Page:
On the heels of Apple’s Steve Jobs asking that digital rights management software be removed from online music files, EMI disclosed that it is exploring the idea for all of its extensive catalog.
EMI, which owns Capitol Records, Virgin Records, Blue Note and other imprints, has had conversations with online retailers about selling its digital music catalog in the MP3 format without copy protection. The Wall Street Journal broke the story today. An MP3 can be easily copied and played on any device. Music purchased at Apple’s iTunes Store is cloaked in the DRM software called FairPlay that limits the playing of a song to an iPod. Any music purchased elsewhere that has DRM cannot be played on an iPod.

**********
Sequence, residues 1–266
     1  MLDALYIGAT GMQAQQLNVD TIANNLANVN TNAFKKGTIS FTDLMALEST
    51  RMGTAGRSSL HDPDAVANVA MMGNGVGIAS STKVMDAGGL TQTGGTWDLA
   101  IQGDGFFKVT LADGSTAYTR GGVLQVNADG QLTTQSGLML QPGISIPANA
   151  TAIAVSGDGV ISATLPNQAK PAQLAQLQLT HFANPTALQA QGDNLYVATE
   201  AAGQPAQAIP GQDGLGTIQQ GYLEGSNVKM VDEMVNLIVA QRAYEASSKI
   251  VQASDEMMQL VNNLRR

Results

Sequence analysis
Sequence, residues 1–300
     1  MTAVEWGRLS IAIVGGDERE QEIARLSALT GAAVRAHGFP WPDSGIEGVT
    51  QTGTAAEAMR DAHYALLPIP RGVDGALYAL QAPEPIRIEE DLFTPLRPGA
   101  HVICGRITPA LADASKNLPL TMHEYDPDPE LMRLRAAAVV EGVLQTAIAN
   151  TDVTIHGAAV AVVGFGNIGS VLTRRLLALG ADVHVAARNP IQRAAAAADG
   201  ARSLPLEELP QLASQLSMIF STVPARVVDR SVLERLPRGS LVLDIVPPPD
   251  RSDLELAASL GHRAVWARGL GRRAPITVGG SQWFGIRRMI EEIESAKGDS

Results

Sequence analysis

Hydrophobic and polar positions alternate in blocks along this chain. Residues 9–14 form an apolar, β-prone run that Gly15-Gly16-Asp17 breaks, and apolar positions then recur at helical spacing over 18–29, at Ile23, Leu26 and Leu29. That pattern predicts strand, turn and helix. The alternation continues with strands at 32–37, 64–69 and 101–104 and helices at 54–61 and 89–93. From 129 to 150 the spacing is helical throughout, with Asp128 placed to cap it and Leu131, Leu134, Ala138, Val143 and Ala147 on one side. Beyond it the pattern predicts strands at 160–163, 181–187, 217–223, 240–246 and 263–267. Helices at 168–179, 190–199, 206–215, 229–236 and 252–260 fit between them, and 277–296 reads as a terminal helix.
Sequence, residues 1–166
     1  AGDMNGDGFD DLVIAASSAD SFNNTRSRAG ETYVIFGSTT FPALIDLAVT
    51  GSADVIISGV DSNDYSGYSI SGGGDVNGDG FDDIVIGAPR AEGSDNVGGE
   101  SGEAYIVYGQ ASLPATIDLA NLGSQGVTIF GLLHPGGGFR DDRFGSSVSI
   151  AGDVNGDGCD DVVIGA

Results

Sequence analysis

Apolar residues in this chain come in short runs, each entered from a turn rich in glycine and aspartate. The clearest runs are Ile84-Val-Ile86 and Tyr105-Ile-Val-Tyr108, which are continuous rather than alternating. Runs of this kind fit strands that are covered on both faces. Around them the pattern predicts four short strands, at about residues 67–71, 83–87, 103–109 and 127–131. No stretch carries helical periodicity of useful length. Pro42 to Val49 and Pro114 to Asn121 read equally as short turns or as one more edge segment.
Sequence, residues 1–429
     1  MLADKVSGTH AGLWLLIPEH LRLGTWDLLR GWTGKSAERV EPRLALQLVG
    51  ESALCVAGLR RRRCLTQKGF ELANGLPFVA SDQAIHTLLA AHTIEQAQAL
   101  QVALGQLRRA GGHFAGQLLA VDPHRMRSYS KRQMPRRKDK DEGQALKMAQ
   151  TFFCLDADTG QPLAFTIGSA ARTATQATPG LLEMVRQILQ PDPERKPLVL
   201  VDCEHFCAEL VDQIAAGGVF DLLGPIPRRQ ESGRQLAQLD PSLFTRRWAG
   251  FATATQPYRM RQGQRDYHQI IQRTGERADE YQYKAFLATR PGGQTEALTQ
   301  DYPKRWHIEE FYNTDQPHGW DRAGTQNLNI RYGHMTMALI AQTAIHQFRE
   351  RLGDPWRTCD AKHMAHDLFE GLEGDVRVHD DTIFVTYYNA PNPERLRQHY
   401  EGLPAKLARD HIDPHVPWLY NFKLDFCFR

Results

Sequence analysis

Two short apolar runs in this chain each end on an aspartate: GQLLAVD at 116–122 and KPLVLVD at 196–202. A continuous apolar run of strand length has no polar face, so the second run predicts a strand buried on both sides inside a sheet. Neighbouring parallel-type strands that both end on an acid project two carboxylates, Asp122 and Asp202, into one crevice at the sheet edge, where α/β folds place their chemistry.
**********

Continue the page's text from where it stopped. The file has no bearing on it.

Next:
EMI is the first major to release singles as MP3s without DRM, recently offering tracks by Norah Jones, Lily Allen and Relient K.
The Journal reported that retailers have been asked to submit proposals by Thursday regarding advance payments they would offer in exchange for the right to sell EMI’s music as MP3s.
Wire stories contributed to this report.